Environmental, social, and governance (ESG) criteria comprise a set of standards socially responsible investors use to evaluate a company based on three main criteria: environmental, social, and corporate governance. Combined they help assess the social responsibility effort of companies in the marketplace.
Understanding ESG criteria
Climate change, social unrest, and the coronavirus pandemic have also increased awareness about the interconnectedness of sustainability and the financial system.
In response to these trends, brokerage firms and mutual fund companies now offer exchange-traded funds (ETFs) and other financial products that respect various environmental, social, and governance criteria.
Data released by The Forum for Sustainable and Responsible Investment shows the total US-domiciled assets under management using sustainable investment strategies reached $17.1 trillion in 2020.
This figure constituted around 33% of the total assets under professional management in the United States.
While rarely mentioned in mandatory financial reporting, many investors evaluate ESG criteria to better understand the various companies in their investment portfolio.
Indeed, investors consider companies that share their values and concerns about the world, with the profitability and risk of the company a secondary concern at best.
In the following sections, we will discuss some specific criteria for each category.
Before we proceed, however, it should be noted that there is no exhaustive or definitive list of ESG criteria. Furthermore, some criteria are interrelated and it can be difficult to assign one to a single category.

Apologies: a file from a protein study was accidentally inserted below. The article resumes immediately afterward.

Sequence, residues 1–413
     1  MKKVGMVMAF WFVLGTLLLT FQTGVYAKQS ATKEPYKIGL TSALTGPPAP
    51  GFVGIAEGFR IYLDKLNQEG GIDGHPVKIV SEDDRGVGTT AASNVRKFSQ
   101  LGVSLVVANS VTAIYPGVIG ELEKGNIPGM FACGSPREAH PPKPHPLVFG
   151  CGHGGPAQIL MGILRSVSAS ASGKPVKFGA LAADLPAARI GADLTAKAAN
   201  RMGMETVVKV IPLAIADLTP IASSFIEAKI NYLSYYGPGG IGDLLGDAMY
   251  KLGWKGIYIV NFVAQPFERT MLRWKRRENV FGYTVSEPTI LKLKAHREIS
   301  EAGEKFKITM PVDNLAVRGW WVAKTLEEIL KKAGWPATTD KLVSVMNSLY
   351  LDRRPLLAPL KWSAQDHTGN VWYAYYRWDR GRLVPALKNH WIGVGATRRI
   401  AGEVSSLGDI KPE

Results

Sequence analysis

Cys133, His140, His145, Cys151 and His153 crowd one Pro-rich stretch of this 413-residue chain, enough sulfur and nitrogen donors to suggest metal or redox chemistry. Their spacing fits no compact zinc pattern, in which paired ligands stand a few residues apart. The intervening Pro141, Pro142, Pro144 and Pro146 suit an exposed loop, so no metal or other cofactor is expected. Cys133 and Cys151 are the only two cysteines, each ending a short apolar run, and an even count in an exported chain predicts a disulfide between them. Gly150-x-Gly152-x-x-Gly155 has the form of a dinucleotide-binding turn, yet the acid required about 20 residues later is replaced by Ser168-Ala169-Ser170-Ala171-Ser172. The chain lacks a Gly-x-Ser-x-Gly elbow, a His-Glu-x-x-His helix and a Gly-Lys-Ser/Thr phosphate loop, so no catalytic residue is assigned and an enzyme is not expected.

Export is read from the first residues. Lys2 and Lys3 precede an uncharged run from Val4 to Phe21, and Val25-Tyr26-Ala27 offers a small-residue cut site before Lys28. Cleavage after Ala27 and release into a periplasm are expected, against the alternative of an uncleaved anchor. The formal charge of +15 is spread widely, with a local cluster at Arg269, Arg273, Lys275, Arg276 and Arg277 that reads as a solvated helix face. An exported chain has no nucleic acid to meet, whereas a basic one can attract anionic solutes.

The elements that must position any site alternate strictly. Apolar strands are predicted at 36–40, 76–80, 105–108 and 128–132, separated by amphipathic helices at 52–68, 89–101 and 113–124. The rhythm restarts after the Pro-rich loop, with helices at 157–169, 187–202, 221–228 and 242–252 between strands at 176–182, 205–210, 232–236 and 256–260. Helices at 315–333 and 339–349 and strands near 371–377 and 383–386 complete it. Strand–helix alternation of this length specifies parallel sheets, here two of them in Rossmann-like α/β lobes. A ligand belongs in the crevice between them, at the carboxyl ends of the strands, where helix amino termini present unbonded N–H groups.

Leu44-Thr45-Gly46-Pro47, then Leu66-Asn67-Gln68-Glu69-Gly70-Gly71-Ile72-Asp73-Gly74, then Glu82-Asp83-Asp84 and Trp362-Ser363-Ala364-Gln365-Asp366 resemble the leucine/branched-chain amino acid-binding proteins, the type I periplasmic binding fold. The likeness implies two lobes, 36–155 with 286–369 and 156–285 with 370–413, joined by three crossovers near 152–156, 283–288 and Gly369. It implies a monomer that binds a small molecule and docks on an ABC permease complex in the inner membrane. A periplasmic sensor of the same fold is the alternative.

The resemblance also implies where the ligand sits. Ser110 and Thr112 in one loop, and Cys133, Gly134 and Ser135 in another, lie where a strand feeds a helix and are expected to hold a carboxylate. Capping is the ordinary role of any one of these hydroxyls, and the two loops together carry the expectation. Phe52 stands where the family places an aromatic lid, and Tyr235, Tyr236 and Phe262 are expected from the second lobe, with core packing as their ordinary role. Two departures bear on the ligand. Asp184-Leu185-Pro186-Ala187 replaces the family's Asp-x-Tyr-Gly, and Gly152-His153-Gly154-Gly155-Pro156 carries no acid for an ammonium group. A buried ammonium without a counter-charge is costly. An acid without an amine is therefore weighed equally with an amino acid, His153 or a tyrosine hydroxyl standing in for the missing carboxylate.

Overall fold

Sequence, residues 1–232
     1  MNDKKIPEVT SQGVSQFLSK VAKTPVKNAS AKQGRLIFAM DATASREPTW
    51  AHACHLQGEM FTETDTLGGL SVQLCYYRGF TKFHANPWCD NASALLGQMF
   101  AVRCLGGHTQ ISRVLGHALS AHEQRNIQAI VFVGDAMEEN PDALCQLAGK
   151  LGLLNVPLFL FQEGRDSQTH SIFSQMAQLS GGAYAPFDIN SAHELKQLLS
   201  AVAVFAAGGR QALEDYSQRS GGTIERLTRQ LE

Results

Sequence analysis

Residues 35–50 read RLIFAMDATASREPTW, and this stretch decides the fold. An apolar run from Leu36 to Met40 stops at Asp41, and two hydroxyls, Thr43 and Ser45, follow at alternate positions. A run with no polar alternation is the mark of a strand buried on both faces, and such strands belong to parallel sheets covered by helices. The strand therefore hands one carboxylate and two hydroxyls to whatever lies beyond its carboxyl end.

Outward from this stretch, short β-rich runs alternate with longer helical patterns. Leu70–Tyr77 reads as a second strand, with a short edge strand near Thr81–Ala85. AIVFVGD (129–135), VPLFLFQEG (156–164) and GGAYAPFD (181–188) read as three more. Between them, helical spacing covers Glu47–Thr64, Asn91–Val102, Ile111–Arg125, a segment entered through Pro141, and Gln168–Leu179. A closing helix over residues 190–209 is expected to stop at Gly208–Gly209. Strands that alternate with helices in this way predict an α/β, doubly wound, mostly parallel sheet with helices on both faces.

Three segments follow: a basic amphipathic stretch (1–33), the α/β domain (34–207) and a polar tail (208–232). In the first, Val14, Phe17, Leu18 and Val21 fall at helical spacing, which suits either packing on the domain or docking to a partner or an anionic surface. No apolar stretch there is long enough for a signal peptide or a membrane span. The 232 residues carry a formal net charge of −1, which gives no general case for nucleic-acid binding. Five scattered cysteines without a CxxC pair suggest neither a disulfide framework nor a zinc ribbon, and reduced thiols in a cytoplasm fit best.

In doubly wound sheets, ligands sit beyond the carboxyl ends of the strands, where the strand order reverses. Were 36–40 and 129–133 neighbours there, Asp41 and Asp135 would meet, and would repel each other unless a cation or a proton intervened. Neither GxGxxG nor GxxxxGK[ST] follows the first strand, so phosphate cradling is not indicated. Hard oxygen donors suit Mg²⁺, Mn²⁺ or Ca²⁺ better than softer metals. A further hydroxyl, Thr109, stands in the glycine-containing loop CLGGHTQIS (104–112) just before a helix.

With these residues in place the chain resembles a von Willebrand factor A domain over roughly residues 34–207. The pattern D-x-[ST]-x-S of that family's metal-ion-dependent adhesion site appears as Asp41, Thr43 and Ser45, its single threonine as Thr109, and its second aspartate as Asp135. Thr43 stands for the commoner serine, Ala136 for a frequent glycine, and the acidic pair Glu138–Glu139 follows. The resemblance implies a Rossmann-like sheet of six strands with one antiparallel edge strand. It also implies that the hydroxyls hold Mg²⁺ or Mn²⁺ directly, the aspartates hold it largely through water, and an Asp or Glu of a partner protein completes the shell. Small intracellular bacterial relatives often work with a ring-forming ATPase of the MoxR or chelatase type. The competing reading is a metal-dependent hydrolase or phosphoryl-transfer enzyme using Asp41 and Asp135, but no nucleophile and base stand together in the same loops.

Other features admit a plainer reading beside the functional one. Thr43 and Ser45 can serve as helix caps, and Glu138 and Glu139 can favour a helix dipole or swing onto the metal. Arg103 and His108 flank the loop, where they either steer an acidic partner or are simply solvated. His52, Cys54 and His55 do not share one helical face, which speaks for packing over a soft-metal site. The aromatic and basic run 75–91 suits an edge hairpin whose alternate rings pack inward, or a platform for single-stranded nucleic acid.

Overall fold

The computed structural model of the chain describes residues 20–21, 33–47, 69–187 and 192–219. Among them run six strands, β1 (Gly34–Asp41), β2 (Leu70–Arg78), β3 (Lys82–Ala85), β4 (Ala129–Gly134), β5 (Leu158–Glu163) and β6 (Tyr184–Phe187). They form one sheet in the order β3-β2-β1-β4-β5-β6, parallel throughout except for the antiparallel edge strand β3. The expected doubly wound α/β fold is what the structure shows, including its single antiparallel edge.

Environmental criteria deal with the conservation of the natural world and external factors not affected by market mechanisms that can impact company revenue.
- Air and water pollution.
- Waste management.
- Climate change and greenhouse gas emissions.
- Biodiversity, and
Microsoft recently became the first company among its peers to target a “carbon negative” status by the year 2030.
To that end, the company created a $1 billion fund to reduce emissions and remove all the carbon it has emitted since it was founded in 1975.
Social criteria encompass the various relationships a company has with people, institutions, and communities.
Since every company operates within a broader society, the way in which it carries itself is critical to attracting socially responsible investors.
Examples of social criteria include:
- Customer satisfaction.
- Community relations and involvement.
- Human rights.
- Employee engagement, and
- Data protection and privacy.
Graphics card manufacturer NVIDIA has a strict policy to never use conflict minerals in its products.
The company’s Conflict Minerals Policy ensures that gold, tantalum, tungsten, and tin purchased from the Democratic Republic of Congo do not directly or indirectly finance armed militia groups.
Corporate governance criteria
Corporate governance criteria are assessed by investors to ensure the company uses accurate and transparent accounting methods, avoids potential conflicts of interest, and allows shareholders to vote on important issues.